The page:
See No. 84 for this lady's name. She is there re- corded as the teacher of Sangha Rakshita. Prinsep, No. 27, reads Yasili.

No. 87. — Sethino-ghati-kamakārikānā dānam ; or,

Sethino-paṭi-kamakālikānā dānam,

of Prinsep, No 20, who translates, "Gift of the serving" women of the nobility." But the second word is ghati, a ghāt, or landing--place ; and as makarin, or makarika, means the ocean, I think that the translation should be —

"Gift of the Sreshti of the Sea-ghāt." that is, " of the harbour-master.

No. 88. — Vasulaye dānam.

" Gift of Vasula."

Prinsep, Nos. 24 and 25, reads Vasuliyey, but notices that the name, which occurs more than once, is also written Vasulaye, and states that these differences are caused by an attempt to render without compound letters the Sanskrit genitive Vasulyah.

The Bhilsa topes: Inscriptions, Page 249

No. 89. — Dadatasa Pāwārikasa dānam,

"Gift of Dandata of Pāwārika."

The town of Pāwā was on the northern bank of the Ganges between Vaisali and Kusinagara.

No. 90. — Upedadatasa dānam.

" Gift of Upendradatta." (See Nos. 62; 03,


No. 91. — Semakaye Dhitaye dānam.

" Gift of Semakadhrita."

No. 92. — Vāghumanyo Saghadanāya bhichhuniye dānam.

" Gift of Sangha-dana, the mendicant Nun, of Vāghumanya" ?

No. 93. — Yakhiya bhichhuniye- Vedisa dānam.

" Gift of Yakshi, the mendicant nun of Vidisha."

Prinsep;, No. 40, translates " Gift of Yakhi, the priestess and traveller."

No. 94. — Kudurasa Sethi Bha(dasa) dānam.

" Gift of Bhadra, Sreshti of Kundura."

No. 95. — Kurarāye tapasiye matu dānam.

"Gift of Kurara, the ascetic's mother."

No. 96. — . . . pidataya Sadina pajava(ti)ya dānam.

" Gift of . . . pidattā, the sister-in-law of Sadi."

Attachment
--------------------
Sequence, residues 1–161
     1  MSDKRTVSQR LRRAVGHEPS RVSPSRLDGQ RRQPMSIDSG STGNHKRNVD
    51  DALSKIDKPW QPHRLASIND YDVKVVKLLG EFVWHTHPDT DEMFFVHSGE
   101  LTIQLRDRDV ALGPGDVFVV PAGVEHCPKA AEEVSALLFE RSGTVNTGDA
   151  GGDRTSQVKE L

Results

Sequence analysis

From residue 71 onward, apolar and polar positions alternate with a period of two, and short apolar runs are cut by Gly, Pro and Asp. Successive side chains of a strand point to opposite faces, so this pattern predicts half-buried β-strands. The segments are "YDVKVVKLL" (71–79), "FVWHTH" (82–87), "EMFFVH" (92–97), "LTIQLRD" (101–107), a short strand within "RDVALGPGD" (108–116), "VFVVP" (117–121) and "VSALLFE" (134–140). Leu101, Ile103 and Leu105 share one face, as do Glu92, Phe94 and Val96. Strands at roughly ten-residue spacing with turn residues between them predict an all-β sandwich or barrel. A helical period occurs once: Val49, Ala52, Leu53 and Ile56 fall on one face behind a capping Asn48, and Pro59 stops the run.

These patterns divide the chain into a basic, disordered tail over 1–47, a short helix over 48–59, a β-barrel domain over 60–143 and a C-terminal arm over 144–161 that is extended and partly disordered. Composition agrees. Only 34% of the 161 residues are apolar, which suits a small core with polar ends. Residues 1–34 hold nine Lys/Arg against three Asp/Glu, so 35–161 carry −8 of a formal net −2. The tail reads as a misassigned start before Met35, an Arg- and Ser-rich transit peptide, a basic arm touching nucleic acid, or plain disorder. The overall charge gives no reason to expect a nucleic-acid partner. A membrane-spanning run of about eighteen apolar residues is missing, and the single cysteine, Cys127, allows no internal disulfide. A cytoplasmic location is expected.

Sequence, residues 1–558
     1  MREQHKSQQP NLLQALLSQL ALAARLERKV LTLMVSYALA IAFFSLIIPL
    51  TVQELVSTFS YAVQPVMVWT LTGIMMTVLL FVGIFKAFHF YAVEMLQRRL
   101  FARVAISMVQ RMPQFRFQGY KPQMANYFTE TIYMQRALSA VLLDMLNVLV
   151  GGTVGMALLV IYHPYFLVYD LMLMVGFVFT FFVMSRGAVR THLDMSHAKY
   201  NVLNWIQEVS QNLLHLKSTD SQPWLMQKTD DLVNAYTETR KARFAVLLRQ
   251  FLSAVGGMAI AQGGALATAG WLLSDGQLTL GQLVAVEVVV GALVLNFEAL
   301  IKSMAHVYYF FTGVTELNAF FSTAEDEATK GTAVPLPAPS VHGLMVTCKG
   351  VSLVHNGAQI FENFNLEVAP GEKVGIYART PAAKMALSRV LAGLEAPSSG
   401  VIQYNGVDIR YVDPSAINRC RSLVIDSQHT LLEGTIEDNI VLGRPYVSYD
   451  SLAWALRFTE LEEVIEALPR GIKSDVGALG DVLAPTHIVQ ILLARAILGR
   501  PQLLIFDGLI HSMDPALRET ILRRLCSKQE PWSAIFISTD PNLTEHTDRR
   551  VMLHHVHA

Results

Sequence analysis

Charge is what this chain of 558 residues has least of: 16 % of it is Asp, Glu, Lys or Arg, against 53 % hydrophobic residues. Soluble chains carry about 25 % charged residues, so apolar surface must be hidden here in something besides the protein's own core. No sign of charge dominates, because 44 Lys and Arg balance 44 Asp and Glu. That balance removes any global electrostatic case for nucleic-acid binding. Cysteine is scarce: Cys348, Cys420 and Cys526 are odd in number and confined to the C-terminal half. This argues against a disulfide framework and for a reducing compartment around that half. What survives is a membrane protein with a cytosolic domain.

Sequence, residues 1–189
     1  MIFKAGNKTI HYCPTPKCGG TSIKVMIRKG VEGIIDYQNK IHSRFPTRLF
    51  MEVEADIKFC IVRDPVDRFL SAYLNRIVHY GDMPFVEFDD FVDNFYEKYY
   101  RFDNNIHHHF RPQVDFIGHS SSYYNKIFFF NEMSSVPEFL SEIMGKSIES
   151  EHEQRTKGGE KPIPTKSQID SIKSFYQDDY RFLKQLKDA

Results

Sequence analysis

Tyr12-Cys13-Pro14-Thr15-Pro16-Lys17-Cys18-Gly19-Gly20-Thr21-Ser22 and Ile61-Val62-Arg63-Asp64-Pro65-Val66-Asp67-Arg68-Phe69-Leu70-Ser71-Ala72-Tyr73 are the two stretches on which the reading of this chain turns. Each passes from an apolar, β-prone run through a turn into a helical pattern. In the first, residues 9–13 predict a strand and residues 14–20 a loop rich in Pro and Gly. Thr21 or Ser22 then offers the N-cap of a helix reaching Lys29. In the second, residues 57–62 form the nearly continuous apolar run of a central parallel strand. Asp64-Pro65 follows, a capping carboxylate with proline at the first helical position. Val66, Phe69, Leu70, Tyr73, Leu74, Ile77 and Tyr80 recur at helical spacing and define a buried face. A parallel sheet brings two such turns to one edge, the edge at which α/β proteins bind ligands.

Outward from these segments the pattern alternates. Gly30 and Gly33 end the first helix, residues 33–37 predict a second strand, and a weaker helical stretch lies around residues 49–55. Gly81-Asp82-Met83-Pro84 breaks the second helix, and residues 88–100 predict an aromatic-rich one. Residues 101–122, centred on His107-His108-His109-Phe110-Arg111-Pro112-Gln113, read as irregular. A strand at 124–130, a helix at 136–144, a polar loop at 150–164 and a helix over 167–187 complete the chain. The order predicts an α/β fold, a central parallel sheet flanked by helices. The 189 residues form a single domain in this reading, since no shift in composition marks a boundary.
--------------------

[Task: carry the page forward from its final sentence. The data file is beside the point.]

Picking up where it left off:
Prinsep, No. 45, reads hidataye sada dinadhe jivāya dānam, and translates, "A gift for those living here (for distribution of food) at midday for ever."

But the gift of a pillar or rail of the stone enclosure can have no connection with the provision of food.

The Bhilsa topes: Inscriptions, Page 250

No. 97. — Chada Gutasa sa ... kagomiya . . . mita dānam.

" Gift of Chandra-Gupta . . ."

No. 98. — Dhara-kinā Sātilasa dānam.

"Gift of Santila of Dharaki (? Dharanagara)."

No. 99. — Kāpasigama Arahasa dānam.

" Gift of Kapasigrama, the arhat."

This may be read in another way as, Gift of the arhat of Kāpasigrāma (cotton-town) -" but the former seems the more simple reading, and is also in keeping with the other inscriptions, each of which records the gift of a particular individual. This inscription occurs twice.

No. 100. — Keṭakareyakasa Araha-dāsasa dānam.

" Gift of Arhata-Dasa, of Ketakareya,

No. 101. — Keṭakareya Bhadakasa dānam.

" Gift of Bhadraka of Ketakareya."

This inscription occurs three times.

No. 102. — Apathakasa dānam.

" Gift of Aprasthaka."

No. 103. — Bhoga-varhanakasa Ajiti-gutasa.

" (Gift) of Ajita-Gupta, the increaser of enjoyment,"

No. 104. — Rajāhikāṭā Arahadinasa dānam.

" Gift of Arahadina of Rajahikati."

No, 105. — Bhoga-varhana Dhama Rakhitaya Siva Nadino matu.

" Gift of Siva-Nandi's mother, Dharma Rakshita, the increaser of enjoyment."

This occurs twice. The use of the names of Siva

The Bhilsa topes: Inscriptions, Page 251